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I know it is not default and maybe not prefered way to use Boost Property tree. But It seems have all needed to create tree of named pointers. So I tried:

#include <boost/property_tree/ptree.hpp>

#include <iostream>
#include <string>

template <class T>
int append(T val)
{
    std::cout << "hello";
    return 0;
}

int main()
{
    using boost::property_tree::ptree;
    ptree pt;
    pt.put("function-int-pointer", &append<int>);

    (pt.get("function-int-pointer", NULL))(123);
    // ^-- error C2064: term does not evaluate to a function taking 1 arguments

    (pt.get<int(*)(int)>("function-int-pointer"))(123);
    // ^-- error C2678: binary '>>' : no operator found which takes a left-hand 
    // operand of type 'std::basic_istream<_Elem,_Traits>' (or there is no 
    // acceptable conversion)
} 

If it is possible I would love tham to be auto restorable (with simple .get() not .get<T>)

It seems like it can store pointers to functions (main reson I want to use it). But I can not get them from it( So I wonder how to store pointers in Boost property tree so that thay would be auto restorable?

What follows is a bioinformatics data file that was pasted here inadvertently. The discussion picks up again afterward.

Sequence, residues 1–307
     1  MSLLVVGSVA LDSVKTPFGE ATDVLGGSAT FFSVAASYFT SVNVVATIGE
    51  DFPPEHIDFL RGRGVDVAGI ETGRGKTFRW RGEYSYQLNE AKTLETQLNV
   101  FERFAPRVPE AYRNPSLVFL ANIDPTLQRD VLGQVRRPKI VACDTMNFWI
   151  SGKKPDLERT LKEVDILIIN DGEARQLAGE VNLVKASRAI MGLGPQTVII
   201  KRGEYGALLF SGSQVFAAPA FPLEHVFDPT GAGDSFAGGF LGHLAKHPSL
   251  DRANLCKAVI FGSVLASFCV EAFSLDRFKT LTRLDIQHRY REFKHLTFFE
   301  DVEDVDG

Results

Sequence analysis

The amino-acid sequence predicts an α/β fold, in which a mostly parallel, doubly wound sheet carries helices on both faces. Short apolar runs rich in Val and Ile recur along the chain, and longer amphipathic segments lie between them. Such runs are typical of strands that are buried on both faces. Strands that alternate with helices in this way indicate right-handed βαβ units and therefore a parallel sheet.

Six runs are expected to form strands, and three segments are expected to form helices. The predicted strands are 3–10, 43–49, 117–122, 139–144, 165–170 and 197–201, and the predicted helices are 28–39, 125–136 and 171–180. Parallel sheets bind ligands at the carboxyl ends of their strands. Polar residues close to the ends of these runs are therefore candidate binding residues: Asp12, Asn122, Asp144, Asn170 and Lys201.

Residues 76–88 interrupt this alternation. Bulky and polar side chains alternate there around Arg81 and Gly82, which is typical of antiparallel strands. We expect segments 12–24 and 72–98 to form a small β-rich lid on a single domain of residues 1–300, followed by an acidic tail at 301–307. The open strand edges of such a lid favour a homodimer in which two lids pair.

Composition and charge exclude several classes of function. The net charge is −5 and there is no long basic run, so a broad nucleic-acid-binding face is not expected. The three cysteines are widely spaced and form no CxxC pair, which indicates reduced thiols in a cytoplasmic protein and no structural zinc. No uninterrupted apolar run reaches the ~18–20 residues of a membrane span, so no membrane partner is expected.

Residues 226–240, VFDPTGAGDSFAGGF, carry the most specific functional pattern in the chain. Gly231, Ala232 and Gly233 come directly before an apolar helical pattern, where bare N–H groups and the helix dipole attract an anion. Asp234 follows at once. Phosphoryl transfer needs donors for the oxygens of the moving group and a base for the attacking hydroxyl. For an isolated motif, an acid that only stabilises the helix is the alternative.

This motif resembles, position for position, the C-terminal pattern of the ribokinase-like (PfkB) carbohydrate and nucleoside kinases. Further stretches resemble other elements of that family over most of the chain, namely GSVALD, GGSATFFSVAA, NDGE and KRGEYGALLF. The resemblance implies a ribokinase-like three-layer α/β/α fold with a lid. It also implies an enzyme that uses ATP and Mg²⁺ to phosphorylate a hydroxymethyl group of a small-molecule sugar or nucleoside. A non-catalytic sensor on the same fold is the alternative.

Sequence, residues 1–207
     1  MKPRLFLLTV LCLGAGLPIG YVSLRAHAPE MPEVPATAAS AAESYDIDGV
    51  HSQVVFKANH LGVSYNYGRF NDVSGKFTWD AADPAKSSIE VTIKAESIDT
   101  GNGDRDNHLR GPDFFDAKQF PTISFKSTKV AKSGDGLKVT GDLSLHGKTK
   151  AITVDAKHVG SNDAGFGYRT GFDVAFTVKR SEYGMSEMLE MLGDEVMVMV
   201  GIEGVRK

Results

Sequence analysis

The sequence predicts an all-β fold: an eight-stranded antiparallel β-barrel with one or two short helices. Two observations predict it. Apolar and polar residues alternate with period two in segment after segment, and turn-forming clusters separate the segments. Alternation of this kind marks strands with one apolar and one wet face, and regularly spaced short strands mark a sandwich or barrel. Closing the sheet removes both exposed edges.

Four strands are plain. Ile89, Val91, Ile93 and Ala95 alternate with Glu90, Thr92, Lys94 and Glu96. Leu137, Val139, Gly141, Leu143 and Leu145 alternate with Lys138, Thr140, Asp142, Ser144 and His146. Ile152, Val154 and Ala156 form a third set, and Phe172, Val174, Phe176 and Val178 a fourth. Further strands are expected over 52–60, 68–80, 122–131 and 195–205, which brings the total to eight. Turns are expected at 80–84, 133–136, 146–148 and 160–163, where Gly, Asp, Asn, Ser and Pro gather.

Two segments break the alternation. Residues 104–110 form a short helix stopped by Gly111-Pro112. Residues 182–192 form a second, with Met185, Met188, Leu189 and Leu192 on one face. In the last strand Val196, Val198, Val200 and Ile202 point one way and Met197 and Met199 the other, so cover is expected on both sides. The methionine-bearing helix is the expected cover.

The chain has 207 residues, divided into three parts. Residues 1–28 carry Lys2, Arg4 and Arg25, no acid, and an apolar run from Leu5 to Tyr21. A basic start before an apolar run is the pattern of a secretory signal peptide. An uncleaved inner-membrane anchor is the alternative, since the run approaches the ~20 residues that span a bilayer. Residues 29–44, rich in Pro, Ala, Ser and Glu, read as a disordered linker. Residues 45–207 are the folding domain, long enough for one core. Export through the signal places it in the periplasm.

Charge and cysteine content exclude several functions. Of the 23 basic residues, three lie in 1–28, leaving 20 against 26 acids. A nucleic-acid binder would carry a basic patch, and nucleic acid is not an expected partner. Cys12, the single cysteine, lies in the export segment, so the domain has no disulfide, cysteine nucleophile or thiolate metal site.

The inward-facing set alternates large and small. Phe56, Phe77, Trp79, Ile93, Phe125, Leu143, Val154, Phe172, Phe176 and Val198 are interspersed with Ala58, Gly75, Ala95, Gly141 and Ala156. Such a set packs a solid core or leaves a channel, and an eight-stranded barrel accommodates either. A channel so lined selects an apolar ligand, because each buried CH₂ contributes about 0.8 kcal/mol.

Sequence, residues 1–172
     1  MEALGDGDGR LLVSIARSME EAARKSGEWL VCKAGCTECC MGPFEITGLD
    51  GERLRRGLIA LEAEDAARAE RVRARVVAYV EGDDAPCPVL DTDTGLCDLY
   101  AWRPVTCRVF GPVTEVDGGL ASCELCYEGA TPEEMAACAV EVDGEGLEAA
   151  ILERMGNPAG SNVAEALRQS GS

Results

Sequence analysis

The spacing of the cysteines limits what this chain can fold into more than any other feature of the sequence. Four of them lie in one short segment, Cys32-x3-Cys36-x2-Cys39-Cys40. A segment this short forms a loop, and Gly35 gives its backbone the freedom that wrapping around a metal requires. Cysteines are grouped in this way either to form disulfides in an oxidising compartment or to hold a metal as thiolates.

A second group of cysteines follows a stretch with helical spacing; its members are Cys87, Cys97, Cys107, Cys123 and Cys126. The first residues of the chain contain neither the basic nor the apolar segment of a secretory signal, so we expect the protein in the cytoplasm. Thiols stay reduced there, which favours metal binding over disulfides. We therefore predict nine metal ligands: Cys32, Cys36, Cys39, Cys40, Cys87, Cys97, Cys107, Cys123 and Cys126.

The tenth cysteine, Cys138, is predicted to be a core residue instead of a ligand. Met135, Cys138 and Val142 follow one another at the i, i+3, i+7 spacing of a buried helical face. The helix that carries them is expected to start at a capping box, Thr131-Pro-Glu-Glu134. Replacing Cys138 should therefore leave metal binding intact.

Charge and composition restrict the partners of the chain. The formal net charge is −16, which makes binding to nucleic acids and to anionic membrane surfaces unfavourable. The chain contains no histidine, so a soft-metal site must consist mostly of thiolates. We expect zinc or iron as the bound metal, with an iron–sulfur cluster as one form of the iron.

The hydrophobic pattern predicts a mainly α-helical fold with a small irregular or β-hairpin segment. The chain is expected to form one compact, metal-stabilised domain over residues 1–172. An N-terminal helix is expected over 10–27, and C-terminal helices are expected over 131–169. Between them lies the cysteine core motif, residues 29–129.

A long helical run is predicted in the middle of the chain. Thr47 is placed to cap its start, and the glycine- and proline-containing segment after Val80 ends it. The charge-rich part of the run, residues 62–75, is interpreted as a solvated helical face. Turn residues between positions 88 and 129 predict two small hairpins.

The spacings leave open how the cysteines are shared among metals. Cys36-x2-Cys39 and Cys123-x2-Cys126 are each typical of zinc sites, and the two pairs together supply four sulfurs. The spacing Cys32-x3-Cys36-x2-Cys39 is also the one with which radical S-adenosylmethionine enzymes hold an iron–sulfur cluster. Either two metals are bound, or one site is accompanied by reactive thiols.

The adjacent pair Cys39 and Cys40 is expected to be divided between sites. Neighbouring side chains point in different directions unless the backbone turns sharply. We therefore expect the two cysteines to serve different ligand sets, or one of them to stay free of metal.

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I'm going to try to answer the gist of the question here. I think you might be content with Boost Serialization too?

Boost serialization is a very powerful general-purpose serialization library, able to serialize to

  • plain text
  • XML
  • binary archives

It comes with full support for a wide range of data types1 - though not for function pointers out of the box. However, due to it's extensible nature, Peter Dimov came up with a way to serialize functions by name, registering the functions manually. In a sketch, that would look like:

template<class T> void register_static( T * pt, std::string const & name ) 
 { 
 // add to name<->address maps 
 } 

template<class T> void save(T * const & pt) 
 { 
 // look up the name of pt and save 
 } 

template<class T> void load(T * & t) 
 { 
 // load name, look up address, store in pt 
 }

Note that T could be any callable type

  • function type
  • function pointer
  • function object (e.g. std::less())
  • a lambda expression

It is important, however, to register each instance of a callable type by name, since the addresses wouldn't be the sam for separate instances.


1 standard containers, pointers, data structures with internal (pointer) references, aliased pointers, cyclic trees etc.

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